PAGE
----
@Owensmaterob to thread
Ah, this old chestnut…
Within the circles I move in (Metal Hammer journos, download attendees etc) the first nu-metal bands are generally considered to be Korn and Deftones. I interviewed former Korn drummer David Silveria last year and he outright said “We invented nu-metal”, although I’m sure there are people who would dispute that. They might argue that RATM ‘invented’ it, because they were pioneers of rap-rock specifically.
Were RATM nu-metal? I’d say no. They certainly paved the way by marrying rap vocals to metal riffs but musically, Morello’s playing owes far more to traditional 70s riffing and soloing. Definitely tangentially connected, and responsible for its rise, but they are to nu-metal as, say, The Ramones are to pop-punk. Or perhaps more accurately, as Dookie-era Green Day are to bands like New Found Glory.
Slipknot were arguably nu-metal to begin with - certainly had some of the hallmarks: no solos, downtuned guitars, a DJ. But from Iowa onwards they’ve arguably been just a metal act, albeit very different from trad-metal. Just way, way heavier than any other nu-metal bands and kinda operating in a field of one.
Then you’ve got bands who were associated with nu-metal but who subsequently transcended the genre. This is where Deftones fit now, imo. They certainly tick the boxes, early on: downtuned riffs, no solos, angsty lyrics and vocals. But to consider Deftones as they exist now as a nu-metal band is tantamount to saying that The Prodigy are a ‘rave’ act or that Taylor Swift is a country artist.
Even nu-metal-punchline bands like Papa Roach have managed to forge very successful careers (they sold out Brixton this year, and sell an absolute shitload of albums Stateside). There’s still an element of nu-metal to their sound (particularly the vocals) but musically it’s very much contemporary ‘radio metal’, the kind of which you hear shitloads of at Download (think All That Remains, Five Finger Death Punch, Alter Bridge etc)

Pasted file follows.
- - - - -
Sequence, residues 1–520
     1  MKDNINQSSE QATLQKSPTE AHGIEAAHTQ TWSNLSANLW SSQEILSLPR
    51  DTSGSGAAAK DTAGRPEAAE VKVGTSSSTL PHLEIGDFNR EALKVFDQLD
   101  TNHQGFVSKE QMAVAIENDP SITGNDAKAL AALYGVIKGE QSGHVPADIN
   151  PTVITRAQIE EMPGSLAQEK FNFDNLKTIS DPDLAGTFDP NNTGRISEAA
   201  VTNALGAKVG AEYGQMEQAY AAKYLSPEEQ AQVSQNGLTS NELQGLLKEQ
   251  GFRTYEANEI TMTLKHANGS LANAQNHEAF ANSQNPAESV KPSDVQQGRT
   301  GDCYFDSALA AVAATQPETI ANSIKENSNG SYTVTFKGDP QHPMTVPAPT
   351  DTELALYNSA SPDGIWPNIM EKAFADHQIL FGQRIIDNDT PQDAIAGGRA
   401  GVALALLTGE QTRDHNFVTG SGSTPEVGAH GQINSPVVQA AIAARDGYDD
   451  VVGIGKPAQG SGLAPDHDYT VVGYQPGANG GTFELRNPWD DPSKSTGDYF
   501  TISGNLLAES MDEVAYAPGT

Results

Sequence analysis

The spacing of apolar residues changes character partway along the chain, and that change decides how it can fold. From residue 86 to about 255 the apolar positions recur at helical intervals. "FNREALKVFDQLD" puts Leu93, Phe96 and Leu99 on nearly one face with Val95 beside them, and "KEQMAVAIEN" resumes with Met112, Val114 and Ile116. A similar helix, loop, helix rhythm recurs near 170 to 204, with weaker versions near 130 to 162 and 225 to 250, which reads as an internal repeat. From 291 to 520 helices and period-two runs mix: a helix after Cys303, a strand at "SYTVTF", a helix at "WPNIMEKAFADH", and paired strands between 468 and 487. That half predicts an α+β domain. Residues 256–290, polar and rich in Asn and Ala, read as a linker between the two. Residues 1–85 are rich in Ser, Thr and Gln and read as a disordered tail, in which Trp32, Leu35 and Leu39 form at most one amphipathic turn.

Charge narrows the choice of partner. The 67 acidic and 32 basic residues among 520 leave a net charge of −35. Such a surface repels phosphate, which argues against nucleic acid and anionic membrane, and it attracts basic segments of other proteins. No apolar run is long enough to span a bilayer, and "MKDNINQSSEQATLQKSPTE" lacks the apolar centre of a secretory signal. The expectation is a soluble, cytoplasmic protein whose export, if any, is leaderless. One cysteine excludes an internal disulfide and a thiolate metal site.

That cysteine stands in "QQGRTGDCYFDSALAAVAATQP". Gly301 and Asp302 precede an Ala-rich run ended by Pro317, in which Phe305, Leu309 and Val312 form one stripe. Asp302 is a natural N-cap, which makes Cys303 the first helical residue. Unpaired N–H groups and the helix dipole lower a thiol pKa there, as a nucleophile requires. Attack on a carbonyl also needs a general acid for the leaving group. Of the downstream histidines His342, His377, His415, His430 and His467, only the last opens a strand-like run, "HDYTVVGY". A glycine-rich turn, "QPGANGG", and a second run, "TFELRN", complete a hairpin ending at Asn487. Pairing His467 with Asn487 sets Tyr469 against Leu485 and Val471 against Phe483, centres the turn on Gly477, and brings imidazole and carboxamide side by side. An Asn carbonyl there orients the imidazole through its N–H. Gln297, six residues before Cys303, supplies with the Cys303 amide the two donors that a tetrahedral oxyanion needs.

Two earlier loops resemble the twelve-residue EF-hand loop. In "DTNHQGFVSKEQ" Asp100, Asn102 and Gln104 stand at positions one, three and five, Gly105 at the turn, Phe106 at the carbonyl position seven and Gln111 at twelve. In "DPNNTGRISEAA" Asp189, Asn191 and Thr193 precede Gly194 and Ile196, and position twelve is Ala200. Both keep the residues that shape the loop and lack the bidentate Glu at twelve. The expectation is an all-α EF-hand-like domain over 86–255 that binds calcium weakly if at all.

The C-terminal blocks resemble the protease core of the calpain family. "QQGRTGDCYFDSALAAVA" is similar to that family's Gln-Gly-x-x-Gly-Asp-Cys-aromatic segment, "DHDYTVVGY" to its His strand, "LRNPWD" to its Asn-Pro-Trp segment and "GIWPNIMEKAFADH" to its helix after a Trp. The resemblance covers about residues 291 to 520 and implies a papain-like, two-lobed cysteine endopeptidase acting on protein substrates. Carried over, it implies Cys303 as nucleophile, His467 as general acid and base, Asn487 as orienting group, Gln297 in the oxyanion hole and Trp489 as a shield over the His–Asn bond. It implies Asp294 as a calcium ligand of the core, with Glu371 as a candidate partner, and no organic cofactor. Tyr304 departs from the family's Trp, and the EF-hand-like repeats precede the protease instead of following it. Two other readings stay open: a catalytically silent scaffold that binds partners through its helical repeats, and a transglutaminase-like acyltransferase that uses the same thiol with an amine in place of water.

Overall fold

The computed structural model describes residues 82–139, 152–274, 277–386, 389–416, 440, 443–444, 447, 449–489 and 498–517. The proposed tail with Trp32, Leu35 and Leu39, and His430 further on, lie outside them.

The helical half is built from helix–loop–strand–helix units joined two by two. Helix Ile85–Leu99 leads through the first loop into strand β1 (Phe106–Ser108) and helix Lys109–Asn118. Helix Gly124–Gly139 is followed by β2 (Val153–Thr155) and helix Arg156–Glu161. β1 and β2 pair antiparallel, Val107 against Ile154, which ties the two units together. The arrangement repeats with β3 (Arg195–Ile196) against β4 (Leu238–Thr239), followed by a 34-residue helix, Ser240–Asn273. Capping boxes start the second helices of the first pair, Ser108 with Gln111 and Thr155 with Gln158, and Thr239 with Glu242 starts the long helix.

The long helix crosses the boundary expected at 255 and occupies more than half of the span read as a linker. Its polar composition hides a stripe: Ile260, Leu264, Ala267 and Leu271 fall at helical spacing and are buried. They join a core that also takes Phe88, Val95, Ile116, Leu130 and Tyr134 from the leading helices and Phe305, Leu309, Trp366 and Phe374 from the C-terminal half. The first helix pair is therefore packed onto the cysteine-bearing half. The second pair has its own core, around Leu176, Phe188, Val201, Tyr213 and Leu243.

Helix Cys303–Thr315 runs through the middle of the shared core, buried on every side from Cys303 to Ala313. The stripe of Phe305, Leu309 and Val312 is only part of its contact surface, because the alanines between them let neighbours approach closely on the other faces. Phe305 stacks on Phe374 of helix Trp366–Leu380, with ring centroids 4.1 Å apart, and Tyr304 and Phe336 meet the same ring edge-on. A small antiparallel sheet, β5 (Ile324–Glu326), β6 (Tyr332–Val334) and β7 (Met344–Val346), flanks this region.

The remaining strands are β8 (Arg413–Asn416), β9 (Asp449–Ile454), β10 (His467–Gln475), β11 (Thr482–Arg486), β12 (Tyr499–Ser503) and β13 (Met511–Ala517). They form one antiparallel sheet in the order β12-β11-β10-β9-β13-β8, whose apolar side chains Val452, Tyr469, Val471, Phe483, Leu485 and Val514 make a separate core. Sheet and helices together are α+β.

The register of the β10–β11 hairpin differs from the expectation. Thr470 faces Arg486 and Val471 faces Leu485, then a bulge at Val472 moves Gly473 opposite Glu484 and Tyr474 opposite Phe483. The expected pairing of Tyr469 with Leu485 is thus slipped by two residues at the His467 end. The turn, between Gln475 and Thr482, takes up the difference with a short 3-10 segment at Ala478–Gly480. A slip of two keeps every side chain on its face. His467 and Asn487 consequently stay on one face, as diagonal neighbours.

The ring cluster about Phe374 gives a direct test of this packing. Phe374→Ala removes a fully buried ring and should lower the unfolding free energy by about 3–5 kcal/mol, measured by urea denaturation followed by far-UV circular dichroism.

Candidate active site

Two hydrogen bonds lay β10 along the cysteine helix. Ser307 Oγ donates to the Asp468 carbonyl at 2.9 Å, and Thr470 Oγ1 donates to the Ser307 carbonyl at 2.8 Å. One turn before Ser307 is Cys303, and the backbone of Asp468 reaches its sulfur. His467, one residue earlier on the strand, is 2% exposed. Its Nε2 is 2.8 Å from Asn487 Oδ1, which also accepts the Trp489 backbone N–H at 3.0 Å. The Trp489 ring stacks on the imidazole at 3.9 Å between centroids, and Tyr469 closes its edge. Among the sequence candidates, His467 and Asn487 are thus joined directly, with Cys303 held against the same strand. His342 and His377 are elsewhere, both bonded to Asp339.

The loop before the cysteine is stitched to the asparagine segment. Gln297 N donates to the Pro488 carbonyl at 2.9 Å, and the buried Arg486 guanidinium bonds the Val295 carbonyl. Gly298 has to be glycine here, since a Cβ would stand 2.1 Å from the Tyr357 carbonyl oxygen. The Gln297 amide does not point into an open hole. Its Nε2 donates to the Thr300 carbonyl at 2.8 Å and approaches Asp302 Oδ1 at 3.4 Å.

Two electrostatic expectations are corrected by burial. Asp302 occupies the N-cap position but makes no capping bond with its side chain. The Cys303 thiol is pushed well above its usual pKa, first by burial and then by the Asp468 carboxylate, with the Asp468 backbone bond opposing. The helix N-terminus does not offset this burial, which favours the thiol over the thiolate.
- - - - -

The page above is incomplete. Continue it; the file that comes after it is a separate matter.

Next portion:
As for ‘new’ nu-metal, it’s certainly having something of a moment. The most obvious example is Cane Hill, who sound like the exact midpoint between Slipknot’s first album and Korn’s Follow the Leader. There’s also bands like Ocean Grove, an australian band who are arguably nu-metalcore, and Issues, who take a more R’n’B-influenced approach to the vocals.
Essentially, people who were super-young when nu-metal was at its peak and have grown up without viewing it with the disdain that is generally accepted as de rigeur when discussing the genre.
I expected something, but not… that
YOU MADE THIS HAPPEN, EMO
…and you can read the rest in my new book, ‘Nothing Nu Under The Zun’, out next year
Enjoyed the academic tone tbh
At The Drive-In
- New Metal
- New Metal
Akademik Tone were kinda fourth-wave, dregs of nu-metal. Along with Trapt, Taproot and the like
What’s the difference?
So you might say… New Metal?
I’d say more post-hardcore, although the debate about where the line between emo and post-hardcore should be drawn is a whole other thread.
BRB just writing another book
Just a catch-all term for popular, heavy bands of a certain era, innit? Same as britpop. It gave Melody Maker and Kerrang something to talk about for a few years in the early 2000s.
I guess true, but it depends how you also define emo - if you use the pop culture definition which is closer to the ‘scene’ or if you use the truer historical definition of post-punk/post-grunge bands writing songs with more traditional melody and overwrought lyrics to it. (Far, ATDI, Mineral…)
Was there ever a term for the shite bands that both include and came along in the wake of The Libertines? I feel there should have been one but my mind’s gone blank.
Read all that in a Patrick Bateman voice
landfill indie, surely?
Really want to (or want someone to do) a vocaroo now